T-Shirt yarn projects – Textile industry waste

Before these T-Shirt yarn projects I had never crocheted in the round using a magic loop method for cast on, using this new technique I created a yarn basket as well as a baby rug:


Resources for new skills I learnt

Magic loop –

Crochet rug pattern I used as a starter –


I have now been saving/collecting T-Shirts so that I can make my own T-Shirt yarn (rather than using premade t-shirt yarn).  I am thinking of it as a way to repurpose old clothing as well as the opportunity to use the same techniques with non-textile items as the material – such as plastic bags or re-woven textile waste materials (collecting various waste materials, cut offs and selvedges) . . .


“Australians are currently disposing of 6,000 kilograms of fashion and textile waste every 10 minutes, and while some of it may go to op shops, only about 15 per cent of donations are actually sold again locally.”



Cultures of Thinking – Project Zero – Sydney

– I am so excited to share some of my notes with you from Saturday’s conference, it was a free PROJECT ZERO event at Shore School that I attended, it was much bigger than expected, with 550 registrations, a highlight of the day for me was seeing old friends and having time to have rich conversations with colleagues . . . . I will sum it up briefly by sharing some parts that were a standout for me. . . .
Ron Ritchhart was the keynote, his engaging talk covered some core Project Zero research projects . . . .
– The 8 cultural forces are:
Inline images 1
This video unpacks them nicely:
An exercise he did with the audience was ask: “What are three things you did at the start of the school year to establish a culture of thinking amongst your students and in your classroom” it is a great reflective exercise and maybe one that you could do! – a follow up question was “what was one think you did to build that culture that you hadn’t done in the past”  — this is asked to acknowledge risks you take in the classroom to build better practice and deeper thinking.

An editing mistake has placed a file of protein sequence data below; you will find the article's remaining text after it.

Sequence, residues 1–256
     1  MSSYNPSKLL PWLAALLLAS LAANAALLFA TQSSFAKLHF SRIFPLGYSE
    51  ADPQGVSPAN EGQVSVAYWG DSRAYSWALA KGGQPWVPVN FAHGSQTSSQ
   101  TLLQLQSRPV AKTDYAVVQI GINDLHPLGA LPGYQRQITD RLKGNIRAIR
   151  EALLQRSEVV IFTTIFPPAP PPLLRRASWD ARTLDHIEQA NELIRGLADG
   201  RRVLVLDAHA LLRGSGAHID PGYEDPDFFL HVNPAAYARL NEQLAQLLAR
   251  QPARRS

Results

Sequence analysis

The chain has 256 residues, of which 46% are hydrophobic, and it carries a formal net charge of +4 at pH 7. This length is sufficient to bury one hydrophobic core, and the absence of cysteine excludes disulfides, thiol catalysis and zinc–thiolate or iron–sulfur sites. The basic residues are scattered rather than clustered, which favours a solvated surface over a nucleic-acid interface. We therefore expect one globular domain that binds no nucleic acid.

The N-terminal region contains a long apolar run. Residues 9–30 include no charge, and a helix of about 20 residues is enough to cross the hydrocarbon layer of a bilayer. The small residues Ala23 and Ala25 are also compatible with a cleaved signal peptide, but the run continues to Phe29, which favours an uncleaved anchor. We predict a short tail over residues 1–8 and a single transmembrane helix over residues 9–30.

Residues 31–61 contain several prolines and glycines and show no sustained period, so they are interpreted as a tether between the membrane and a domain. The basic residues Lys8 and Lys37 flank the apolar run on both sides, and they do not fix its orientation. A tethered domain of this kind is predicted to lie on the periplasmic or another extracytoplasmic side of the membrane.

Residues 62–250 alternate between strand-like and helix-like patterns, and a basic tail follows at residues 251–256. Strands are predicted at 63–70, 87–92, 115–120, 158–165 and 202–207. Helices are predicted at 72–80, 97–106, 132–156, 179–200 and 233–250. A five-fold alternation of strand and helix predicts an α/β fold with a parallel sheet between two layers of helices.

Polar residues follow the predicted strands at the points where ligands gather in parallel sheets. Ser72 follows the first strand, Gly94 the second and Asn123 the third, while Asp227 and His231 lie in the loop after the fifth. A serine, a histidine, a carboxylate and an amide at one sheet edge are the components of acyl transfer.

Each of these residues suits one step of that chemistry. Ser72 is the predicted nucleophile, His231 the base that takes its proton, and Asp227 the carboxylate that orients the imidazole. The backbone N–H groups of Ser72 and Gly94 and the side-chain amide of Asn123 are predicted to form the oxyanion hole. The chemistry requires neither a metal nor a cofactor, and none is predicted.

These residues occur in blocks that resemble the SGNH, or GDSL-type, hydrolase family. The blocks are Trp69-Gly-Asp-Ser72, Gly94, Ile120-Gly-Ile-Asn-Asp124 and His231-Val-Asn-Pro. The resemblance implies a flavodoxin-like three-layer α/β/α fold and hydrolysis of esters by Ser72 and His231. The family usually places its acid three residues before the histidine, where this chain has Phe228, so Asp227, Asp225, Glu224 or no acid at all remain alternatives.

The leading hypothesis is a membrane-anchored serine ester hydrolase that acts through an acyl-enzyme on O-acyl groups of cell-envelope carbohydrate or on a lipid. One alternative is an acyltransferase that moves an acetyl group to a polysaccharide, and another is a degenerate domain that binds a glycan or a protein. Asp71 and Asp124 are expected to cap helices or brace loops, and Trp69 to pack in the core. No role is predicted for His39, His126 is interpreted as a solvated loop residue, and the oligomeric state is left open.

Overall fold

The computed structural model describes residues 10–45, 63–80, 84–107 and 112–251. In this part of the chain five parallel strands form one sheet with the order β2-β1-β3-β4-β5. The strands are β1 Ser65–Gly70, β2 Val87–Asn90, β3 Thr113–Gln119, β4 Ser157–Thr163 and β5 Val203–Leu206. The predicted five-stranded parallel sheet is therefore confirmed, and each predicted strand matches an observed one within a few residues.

He then introduced the understanding map, this was really unpacked in great detail, so if you like the graphic below there is more information here:
Inline images 2
During his talk and my short workshops we were introduced to a simple questioning technique that makes students think deeper and use evidence: “what makes you say that” – maybe you could try using this questioning technique in your classes?
More reading on “What makes you say that” here —->
In my short workshops we were shown a thinking routine called “See – Think – Wonder” – this is used to encourage enquiry thinking, prompt students to seek their own research and to really build deep discussions about art, sources, artefacts and texts.
More info on the  “See – Think – Wonder” here —->
The tweets the appeared on the #pzsydney hashtag really value added to the day! – Thank you to Andrea who created this awesome Storify:
Thank you to the Project Zero team for hosting!

Differentiated PD – Innovation Focus


IMG_2037Today we started term 3 with a Staff development day, the focus was INNOVATION – and each workshop was to align with our school goals of: CREATIVITY, ENGAGEMENT and QUALITY ASSESSMENT.

This is the first time we have had a real go at differentiated PD for staff – with a variety of options and using our teaching staff as presenters/experts – T3 PD Workshops.

With all the planning and preparation that went into today before the term ended and over the holidays from myself and presenters, I felt excited this morning and a sense of pride in how well the day ran!

What was your first day of term like?


Edmodo-Con V3.0


Flashback to 28th July, 2011 – a copy of my very first blog post. . . .


hmmmm, so, what am

I thinking???

Well, I do have my own private blog for journaling, but since being whisked away on this amazing EdmodoCon journey I feel like the only teacher that isn’t expressing their thoughts, pedagogical practices and lesson plans via a blog!
I did sign up for for a twitter account about an hour ago, but THEN the first suggested person I followed was Justin Timberlake???? it really just irked me out! hahahaha!
So I’m having a go at journalling my journey. As both a teacher and a student.
*insert twitter name here later